How Do Credit Scores Work

A credit score is a numerical expression used to quantify a person's creditworthiness. It is based on a statistical examination of their credit reports. The main component of a credit score is credit report data, obtained from credit agencies. Credit scores are used by lenders, such as banks and credit card firms, to assess the risk involved in lending money to a consumer. 

Credit agencies like Equifax, Experian, and TransUnion compute credit ratings. These credit bureaus gather data about a person's credit history, including payment patterns, balances owed, and other credit-related details. The credit score of a person is then determined using this information.



 In this short video, I explain credit ratings and discuss factors that affect them.

How FICO scores are calculated

There are several different methods that credit bureaus use to calculate credit scores. The most well-known method is the FICO score, which is used by the three major credit bureaus (Equifax, Experian, and TransUnion) to calculate credit scores.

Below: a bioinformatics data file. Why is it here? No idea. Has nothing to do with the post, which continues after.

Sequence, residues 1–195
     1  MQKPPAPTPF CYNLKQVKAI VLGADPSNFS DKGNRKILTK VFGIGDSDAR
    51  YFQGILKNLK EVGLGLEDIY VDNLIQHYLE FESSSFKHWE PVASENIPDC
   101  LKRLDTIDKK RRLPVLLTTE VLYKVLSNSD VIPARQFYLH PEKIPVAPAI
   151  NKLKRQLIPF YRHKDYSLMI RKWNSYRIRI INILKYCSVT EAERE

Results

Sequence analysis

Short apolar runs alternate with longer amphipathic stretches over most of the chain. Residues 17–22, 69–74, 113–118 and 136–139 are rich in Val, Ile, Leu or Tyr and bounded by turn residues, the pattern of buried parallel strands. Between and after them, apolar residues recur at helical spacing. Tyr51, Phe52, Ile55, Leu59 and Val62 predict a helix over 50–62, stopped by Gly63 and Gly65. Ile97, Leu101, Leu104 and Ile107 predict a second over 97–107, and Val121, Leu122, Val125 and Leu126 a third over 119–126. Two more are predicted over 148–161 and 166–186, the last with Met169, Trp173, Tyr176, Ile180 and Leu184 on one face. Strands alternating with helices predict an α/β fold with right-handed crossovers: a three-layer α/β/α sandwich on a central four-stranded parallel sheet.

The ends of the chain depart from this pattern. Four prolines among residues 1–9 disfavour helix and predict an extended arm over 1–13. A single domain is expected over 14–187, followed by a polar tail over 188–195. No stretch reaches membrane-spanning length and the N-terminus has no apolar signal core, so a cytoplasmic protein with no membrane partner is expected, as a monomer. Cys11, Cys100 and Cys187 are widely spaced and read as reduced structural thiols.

The FICO score is calculated using the following factors:

 In this short video, I explain the FICO method of credit scoring.

Factors that raise the probability of default


When a borrower doesn't fulfill their end of a loan or debt commitment, there is a credit default. Because each borrower's financial condition is unique, there is no typical pattern of credit default.
The following video was prepared by me to depict the probability of default and how to avoid those factors that lead to default.









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